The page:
Monday Music Roundup
On Saturday night I decided quite by chance to see a Hebrew/Arabic language foreign film called The Band's Visit, after finding myself downtown with no other plans. This is a humble and unassuming film about the Alexandria (Egyptian) Police Orchestra who end up in the wrong Israeli town on a concert trip. It's quietly and subtly funny, although not a comedy. It touches on the human facets of Arab/Jewish tensions, although not a political film. The themes hover around the kindness of strangers, the depths of loneliness and desire, but most of all the power of music and its strange necessity to the soul. As the final credits rolled, I thought it deeply lovely. Go see it.
Plus, bonus points will be awarded if you also notice the scene where the big dude from the band looks exactly like an Egyptian Cee-Lo sitting on the couch.
It Could've Been Worse
According to the liner notes, the new album from Matthew Ryan (Vs. The Silver State) was "rehearsed in [his] garage on Idaho Avenue during the summer of 2006. There was no air conditioning and more mosquitoes than musicians." I can almost here the crickets and feel the humidity of a summer's night on this gorgeous song. With lines that slyly borrow from the master of all repressed & padlocked teenage fury in smalltown America ("her mascara was born to run"), this album is rife with allusions to stymied desire and unfulfilled dreams. This song ruefully notes, "You promised her every thing, not knowing what every thing really was. She's the first girl you kissed, she's the first girl you miss when you feel like this, broken in the dark." Be sure to also check out Aquarium Drunkard's new Off The Record feature with Matthew Ryan.
Chicago quintet The M's have been keeping my ears happy for a couple years now. Each time our paths cross, I find something new to appreciate in their eclectic hybrid songwriting which melds terrific retro influences from disparate ends of the spectrum (think T. Rex meets Kinks?). Enjoy the sloppy, handclappy feel with a little rainy day women drunken singalong feel on this cut from their new record Real Close Ones. It came out last week on Polyvinyl Records, and plays up that spacey-glam edge around traditionally structured pop songs. They currently are touring with Centro-matic.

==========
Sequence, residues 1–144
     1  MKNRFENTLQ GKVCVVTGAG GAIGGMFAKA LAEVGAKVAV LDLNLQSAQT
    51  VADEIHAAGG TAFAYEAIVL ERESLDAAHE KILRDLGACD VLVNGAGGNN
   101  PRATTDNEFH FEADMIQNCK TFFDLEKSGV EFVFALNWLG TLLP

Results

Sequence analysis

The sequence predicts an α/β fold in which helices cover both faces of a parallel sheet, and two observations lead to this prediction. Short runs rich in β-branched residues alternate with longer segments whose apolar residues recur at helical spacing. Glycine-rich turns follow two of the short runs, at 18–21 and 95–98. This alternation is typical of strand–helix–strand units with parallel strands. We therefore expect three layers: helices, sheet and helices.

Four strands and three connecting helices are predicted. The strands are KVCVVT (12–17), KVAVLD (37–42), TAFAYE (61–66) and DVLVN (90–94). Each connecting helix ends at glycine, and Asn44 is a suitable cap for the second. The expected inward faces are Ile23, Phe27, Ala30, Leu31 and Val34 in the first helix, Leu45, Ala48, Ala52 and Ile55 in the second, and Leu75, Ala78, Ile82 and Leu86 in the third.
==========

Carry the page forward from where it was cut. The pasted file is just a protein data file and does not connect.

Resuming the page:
California Soul (Diplo remix)
I have been consistently impressed with the visionary pairings of cratedigging deep cuts from decades past with modern mixmasters featured on the Verve Remixed series. They've just come out with Volume 4, and this preview mp3 resurrects the swanky sounds of Marlena Shaw (the first female vocalist signed to Blue Note Records) through the lens of hot-stuff Philly DJ/producer Diplo. The album boasts some ragingly fun remixes, from the R&B swing of Nina Simone-meets-Mike Mangini wailing "Gimme Some," to the tinny Latin shimmy of the Astrud Gilberto/Psapp track, or the Afrobeat joy of "Dilo Como Yo." It's a conceptual series that just keeps getting better and pushing the boundaries, delightfully.
Revolution In The Heart
Let's just put this simply: I am a sucker for a man and a piano. There's something so bold and yet nuanced, even heartbreaking about the way a good player can accompany his songs with that instrument. So it's no surprise that I take a sheen to Sussex songwriter songwriter Ed Harcourt and his musical weapon of choice. I've heard Harcourt's name bantied about from past tours with folks like Wilco, Feist and Magnet, but this swirling cut from his recent release Beautiful Lie is my first personal listening experience. There seems to be a lot to appreciate in this artist, over the cascades of ivories. The "new" album is really the belated U.S. release of his 2006 album, and it features Graham Coxon (Blur) as well as the Magic Numbers. Ed is currently on tour with the Gutter Twins.
Soul On Fire
This back-with-a-vengeance song from seminal British space rock/shoegaze '90s band Spiritualized starts gently, with lyrics about being born on a black day shot through with starlight, over an intimate acoustic strum. But before the first minute passes, all the strings swell and rise together and there's a hurricane in your veins. It's terrifically stirring yet somehow comforting, as if I've heard it a thousand times before and want to be a part of it. It's a tourbus singalong, it's a gospel choir, it's a ballad just for me. Songs In A&E is out now (Spaceman/Fontana International).
Oh, and . . . Forza Azzurri!